The following paragraph describes the Afton Inn’s close proximity to Town Hall at the head of the East Main Street Historic Downtown Business District, observing, “The Town has clearly identifiable interests in the use to be made and in the appearance, of the Afton Inn property … As such, the Town has an appropriate, identifiable interest in keeping the Afton Inn property in both a viable safe physical condition and an aesthetically pleasing condition.”
It was again noted that 2 East Main Street LLC continues to express hope of maintaining its interest in the Afton renovation project now stalled by the EDA’s financial dilemma tied to the financial scandal asserted in the County-EDA funded Cherry Bekaert forensic audit of EDA business in recent years.
And put up a parking lot?
However, it would appear in this season of the interim town manager and a new council majority committed to cost and tax reductions despite $29 million in capital improvement funding needs in the coming budget year, those steering the ship of Front Royal Town government have simply decided the Afton Inn’s appearance, condition and redevelopment are no longer fiscal priorities.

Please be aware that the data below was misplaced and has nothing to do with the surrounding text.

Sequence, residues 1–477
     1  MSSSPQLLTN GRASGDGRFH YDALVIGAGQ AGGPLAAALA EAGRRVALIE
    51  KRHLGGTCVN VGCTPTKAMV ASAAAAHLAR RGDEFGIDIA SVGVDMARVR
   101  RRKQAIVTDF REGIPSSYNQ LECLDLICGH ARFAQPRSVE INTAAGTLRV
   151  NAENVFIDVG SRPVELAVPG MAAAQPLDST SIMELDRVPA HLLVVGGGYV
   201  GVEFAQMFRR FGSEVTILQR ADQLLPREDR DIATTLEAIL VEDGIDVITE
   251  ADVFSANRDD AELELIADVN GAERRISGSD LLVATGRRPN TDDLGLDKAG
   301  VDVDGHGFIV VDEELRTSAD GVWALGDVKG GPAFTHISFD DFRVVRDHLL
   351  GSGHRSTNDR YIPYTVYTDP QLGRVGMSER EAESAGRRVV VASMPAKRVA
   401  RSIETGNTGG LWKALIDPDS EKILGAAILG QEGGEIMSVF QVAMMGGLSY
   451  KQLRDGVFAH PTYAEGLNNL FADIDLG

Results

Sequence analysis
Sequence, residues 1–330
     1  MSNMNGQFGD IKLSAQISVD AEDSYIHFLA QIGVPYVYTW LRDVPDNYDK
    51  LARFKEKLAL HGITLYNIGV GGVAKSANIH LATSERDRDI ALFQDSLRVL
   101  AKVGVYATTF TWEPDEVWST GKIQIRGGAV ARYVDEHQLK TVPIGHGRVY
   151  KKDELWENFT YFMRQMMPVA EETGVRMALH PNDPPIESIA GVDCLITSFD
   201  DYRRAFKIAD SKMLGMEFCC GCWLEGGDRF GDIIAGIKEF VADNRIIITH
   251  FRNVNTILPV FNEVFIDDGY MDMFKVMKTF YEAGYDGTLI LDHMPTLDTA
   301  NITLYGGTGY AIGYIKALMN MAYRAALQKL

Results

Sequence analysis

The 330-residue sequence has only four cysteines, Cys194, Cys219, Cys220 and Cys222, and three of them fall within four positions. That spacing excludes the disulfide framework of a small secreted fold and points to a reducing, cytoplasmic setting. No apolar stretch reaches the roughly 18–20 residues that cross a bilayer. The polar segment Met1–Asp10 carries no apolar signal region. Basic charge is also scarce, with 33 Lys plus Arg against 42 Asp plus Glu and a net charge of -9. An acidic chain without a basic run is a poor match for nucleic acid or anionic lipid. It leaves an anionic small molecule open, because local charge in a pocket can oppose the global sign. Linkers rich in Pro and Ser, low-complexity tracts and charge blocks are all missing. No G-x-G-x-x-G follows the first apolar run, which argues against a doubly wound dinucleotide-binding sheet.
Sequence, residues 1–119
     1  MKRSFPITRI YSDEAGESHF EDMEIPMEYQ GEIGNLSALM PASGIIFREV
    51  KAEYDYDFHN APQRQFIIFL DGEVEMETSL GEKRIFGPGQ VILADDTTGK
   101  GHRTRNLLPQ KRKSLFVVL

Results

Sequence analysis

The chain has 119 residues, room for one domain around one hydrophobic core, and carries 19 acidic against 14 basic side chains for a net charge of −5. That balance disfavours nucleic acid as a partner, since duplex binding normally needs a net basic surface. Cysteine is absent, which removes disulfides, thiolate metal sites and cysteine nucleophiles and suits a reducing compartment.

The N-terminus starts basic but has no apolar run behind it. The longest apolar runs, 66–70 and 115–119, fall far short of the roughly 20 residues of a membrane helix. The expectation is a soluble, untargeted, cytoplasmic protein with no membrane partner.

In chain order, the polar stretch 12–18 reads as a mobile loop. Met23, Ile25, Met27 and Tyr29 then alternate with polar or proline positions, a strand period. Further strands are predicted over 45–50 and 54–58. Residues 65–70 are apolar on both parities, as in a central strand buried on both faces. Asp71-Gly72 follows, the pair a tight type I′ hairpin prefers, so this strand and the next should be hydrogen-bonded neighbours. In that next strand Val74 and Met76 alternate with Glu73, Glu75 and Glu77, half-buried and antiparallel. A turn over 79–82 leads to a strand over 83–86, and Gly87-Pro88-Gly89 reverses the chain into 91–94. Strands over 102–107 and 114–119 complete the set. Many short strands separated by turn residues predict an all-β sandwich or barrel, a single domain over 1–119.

As the discussion moved to the collection of bad debts, EDA Board Vice Chairman Jeff Browne noted that since the involvement of the EDA’s contracted attorney, the first check from a debtor had been received – “We just have to pick it up … so, we’re already starting to see results,” Browne told the Asset Committee, leading Board Chairman Ed Daley to quip, “Was this a large check from a municipal corporation that owes us a very significant amount of money?”
“The answer would be no,” Browne replied, dashing the hope the Town had decided to make good on at least a portion of its undisputed $8.4 million debt to the EDA on the principal for the Town Police Department construction project, if not on Afton Inn winterization costs.